Friday, March 29, 2019

Review of The Girl Without Skin by Mads Peder Nordbo (2018, Text Publishing)

Matthew Cave is a journalist in the small town of Nuuk in Greenland. Although born in Greenland he grew up in Denmark and has only recently moved there after the death of his pregnant girlfriend in a car accident. When a mummified body is discovered in a crevasse on an ice sheet he is sent to cover the story as it appears that it is a 400 year old Viking. The next day the mummy is gone and the policeman guarding it has been found dead. The policeman’s death is strangely similar to a series of murders in the 1970s when four fathers suspected of committing child abuse were found flayed and their stomachs cut open and entrails pulled out. Matt starts to investigate the historical deaths, but soon realises that his actions have unearthed secrets others would prefer kept suppressed. Joining forces with a young Inuit woman, Tupaarnaq, recently released from prison for manslaughter, having been convicted for killing her parents and two sisters, he keeps digging despite the risks.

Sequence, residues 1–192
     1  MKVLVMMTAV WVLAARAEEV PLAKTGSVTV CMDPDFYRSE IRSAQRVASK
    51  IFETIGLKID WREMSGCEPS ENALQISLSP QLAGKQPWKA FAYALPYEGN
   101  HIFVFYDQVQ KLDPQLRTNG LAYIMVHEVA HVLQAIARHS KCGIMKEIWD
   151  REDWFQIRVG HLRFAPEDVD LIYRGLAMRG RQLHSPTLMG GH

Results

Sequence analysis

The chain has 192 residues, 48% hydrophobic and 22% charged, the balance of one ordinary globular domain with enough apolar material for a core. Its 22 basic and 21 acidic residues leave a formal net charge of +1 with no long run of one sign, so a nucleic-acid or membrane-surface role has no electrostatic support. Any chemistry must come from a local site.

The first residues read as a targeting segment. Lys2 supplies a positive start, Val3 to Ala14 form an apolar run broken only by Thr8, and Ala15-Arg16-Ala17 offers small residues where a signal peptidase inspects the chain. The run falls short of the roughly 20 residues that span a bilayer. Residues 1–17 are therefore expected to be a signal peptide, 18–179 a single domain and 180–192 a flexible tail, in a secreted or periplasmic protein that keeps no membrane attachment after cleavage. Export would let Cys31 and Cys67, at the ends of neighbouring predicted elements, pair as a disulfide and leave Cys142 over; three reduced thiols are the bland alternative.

Set in Greenland, The Girl Without Skin is the first book in a new series by Greenland-based, Danish writer Mads Peder Nordbo. The lead character is Matthew Cave, a journalist mourning the death of his pregnant wife who finds himself investigating two murder inquiries that spans two periods, 1973 and 2014. The story is told through two parallel threads. One follows the original police investigation in 1973, the other Cave’s contemporary investigation which is guided by the notebook of one of the policeman from the earlier period. The common links are men being brutally murdered and the discovery of a mummified body. The mummified body and Cave’s actions resurfaces old secrets and a political conspiracy that some want to remain hidden, placing Cave in danger, his fate eerily echoing that of the policemen in 1973. He is aided by the girl without skin, a local Inuit woman recently released from prison who’s body is entirely covered with tattoos. The start of the book feels a little clunky, which I initially felt was a translation issue but probably wasn’t; rather it was a handful of obvious plot devices to set up premises and plot trajectory. After that, it seemed to work fine, providing a social commentary on Greenland’s patriarchal society and political commentary on its relationship to Denmark. There’s a good sense of place and the twin narratives work well together, spinning out an interesting tale and creating some tension and mystery, with a nice twist near the end.

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